# Changeset 3126

Ignore:
Timestamp:
May 10, 2013, 4:16:34 PM (6 years ago)
Message:

Rough notes.

Location:
docs/Working/re
Files:
8 edited

Unmodified
Removed
• ## docs/Working/re/re-main.aux

 r3123 \relax \citation{aho2007} \citation{abou-assaleh2004} \citation{navarro2000} \@writefile{toc}{\contentsline {section}{\numberline {1}Introduction}{1}} \newlabel{Introduction}{{1}{1}} \citation{kleene1951representation} \citation{kleene1951} \citation{thompson1968} \@writefile{toc}{\contentsline {section}{\numberline {2}Background}{2}} \newlabel{Background}{{2}{2}} \bibstyle{acm} \bibdata{reference} \bibcite{aho2007}{1} \bibcite{kleene1951representation}{2} \@writefile{toc}{\contentsline {section}{\numberline {2}Background}{2}} \newlabel{Background}{{2}{2}} \@writefile{toc}{\contentsline {section}{\numberline {3}Methodology}{2}} \newlabel{Methodology}{{3}{2}} \@writefile{toc}{\contentsline {section}{\numberline {4}Experimental Results}{2}} \newlabel{results}{{4}{2}} \@writefile{toc}{\contentsline {section}{\numberline {5}Conclusion and Future Work}{2}} \newlabel{conclusion}{{5}{2}} \bibcite{abou-assaleh2004}{1} \bibcite{aho2007}{2} \bibcite{kleene1951}{3} \bibcite{navarro2000}{4} \bibcite{thompson1968}{5} \@writefile{toc}{\contentsline {section}{\numberline {3}Parallel Bitwise Data Streams}{3}} \newlabel{Parallel Bitwise Data Streams}{{3}{3}} \@writefile{toc}{\contentsline {section}{\numberline {4}Compiler Technology}{3}} \newlabel{Compiler Technology}{{4}{3}} \@writefile{toc}{\contentsline {section}{\numberline {5}Methodology}{3}} \newlabel{Methodology}{{5}{3}} \@writefile{toc}{\contentsline {section}{\numberline {6}Experimental Results}{3}} \newlabel{Experimental Results}{{6}{3}} \@writefile{toc}{\contentsline {section}{\numberline {7}Conclusion}{3}} \newlabel{Conclusion}{{7}{3}}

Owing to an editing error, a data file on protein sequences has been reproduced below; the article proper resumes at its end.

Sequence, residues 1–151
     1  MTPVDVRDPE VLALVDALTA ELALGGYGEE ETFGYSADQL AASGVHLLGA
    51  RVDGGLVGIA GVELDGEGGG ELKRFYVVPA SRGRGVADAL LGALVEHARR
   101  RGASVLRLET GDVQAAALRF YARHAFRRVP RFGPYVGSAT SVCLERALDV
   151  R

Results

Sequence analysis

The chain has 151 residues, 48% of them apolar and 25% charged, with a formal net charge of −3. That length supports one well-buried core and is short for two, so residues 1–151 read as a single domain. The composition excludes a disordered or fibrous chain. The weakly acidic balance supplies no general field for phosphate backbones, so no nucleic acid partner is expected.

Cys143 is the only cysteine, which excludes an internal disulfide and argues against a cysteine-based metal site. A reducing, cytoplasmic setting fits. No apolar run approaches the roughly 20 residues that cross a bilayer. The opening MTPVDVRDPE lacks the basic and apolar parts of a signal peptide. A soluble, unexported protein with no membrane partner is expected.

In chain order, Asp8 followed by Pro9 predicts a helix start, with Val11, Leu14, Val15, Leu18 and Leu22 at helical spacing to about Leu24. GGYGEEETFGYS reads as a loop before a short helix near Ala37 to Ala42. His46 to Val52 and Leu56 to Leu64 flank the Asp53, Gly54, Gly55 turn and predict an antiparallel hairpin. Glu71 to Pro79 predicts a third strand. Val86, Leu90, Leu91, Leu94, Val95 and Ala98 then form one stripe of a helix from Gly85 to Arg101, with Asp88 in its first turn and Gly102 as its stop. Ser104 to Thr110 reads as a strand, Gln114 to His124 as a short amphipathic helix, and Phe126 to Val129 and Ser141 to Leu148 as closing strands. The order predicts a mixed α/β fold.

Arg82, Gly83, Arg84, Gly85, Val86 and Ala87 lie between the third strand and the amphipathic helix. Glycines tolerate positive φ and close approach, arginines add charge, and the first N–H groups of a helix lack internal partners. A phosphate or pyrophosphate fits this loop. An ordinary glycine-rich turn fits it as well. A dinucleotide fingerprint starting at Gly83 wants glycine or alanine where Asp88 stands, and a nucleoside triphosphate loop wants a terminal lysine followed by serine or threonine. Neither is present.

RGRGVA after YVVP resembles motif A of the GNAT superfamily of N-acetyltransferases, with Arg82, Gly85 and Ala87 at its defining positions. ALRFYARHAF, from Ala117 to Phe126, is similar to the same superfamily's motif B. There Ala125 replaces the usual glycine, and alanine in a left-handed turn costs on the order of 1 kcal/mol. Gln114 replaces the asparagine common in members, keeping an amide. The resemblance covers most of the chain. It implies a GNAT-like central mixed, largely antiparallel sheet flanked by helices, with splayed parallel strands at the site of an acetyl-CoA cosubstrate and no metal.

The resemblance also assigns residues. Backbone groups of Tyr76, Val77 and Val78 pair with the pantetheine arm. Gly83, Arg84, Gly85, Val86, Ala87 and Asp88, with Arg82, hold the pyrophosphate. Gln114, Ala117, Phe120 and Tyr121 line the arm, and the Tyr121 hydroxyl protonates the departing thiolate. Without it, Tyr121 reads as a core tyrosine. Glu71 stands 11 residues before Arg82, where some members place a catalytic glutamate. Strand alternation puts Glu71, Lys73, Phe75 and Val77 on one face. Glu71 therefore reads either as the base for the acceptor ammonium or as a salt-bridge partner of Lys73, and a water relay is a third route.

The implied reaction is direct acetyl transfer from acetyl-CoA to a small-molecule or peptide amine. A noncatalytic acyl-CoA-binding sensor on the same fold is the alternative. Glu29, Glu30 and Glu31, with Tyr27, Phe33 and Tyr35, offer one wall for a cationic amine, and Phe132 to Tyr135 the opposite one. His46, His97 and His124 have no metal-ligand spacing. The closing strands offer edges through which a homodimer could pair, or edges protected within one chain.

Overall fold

• ## docs/Working/re/re-main.bbl

 r3123 \begin{thebibliography}{1} \bibitem{abou-assaleh2004} {\sc Abou-assaleh, T., and Ai, W.} \newblock Survey of global regular expression print (grep) tools. \newblock Tech. rep., 2004. \bibitem{aho2007} \newblock Addison Wesley, 2007. \bibitem{kleene1951representation} \bibitem{kleene1951} {\sc Kleene, S.~C.} \newblock Representation of events in nerve nets and finite automata. \bibitem{navarro2000} {\sc Navarro, G.} \newblock Nr-grep: A fast and flexible pattern matching tool. \newblock {\em Software Practice and Experience (SPE 31\/} (2000), 2001. \bibitem{thompson1968} {\sc Thompson, K.} \newblock Programming techniques: Regular expression search algorithm. \newblock {\em Communications of the ACM 11}, 6 (1968), 419--422. \end{thebibliography}
• ## docs/Working/re/re-main.blg

 r3123 The style file: acm.bst Database file #1: reference.bib Warning--empty journal in kleene1951representation You've used 2 entries, Warning--empty institution in abou-assaleh2004 Warning--empty journal in kleene1951 You've used 5 entries, 2253 wiz_defined-function locations, 537 strings with 4112 characters, and the built_in function-call counts, 483 in all, are: = -- 41 > -- 24 556 strings with 4444 characters, and the built_in function-call counts, 1249 in all, are: = -- 116 > -- 50 < -- 0 + -- 10 - -- 8 * -- 28 := -- 93 add.period$-- 5 call.type$ -- 2 change.case$-- 9 + -- 21 - -- 16 * -- 86 := -- 225 add.period$ -- 14 call.type$-- 5 change.case$ -- 23 chr.to.int$-- 0 cite$ -- 3 duplicate$-- 21 empty$ -- 37 format.name$-- 8 if$ -- 93 cite$-- 7 duplicate$ -- 48 empty$-- 104 format.name$ -- 16 if$-- 250 int.to.chr$ -- 0 int.to.str$-- 2 missing$ -- 3 newline$-- 12 num.names$ -- 4 pop$-- 14 int.to.str$ -- 5 missing$-- 5 newline$ -- 27 num.names$-- 10 pop$ -- 23 preamble$-- 1 purify$ -- 8 purify$-- 18 quote$ -- 0 skip$-- 11 skip$ -- 26 stack$-- 0 substring$ -- 10 swap$-- 3 substring$ -- 58 swap$-- 8 text.length$ -- 0 text.prefix$-- 0 top$ -- 0 type$-- 6 warning$ -- 1 while$-- 4 width$ -- 3 write$-- 19 (There was 1 warning) type$ -- 18 warning$-- 2 while$ -- 12 width$-- 6 write$ -- 49 (There were 2 warnings)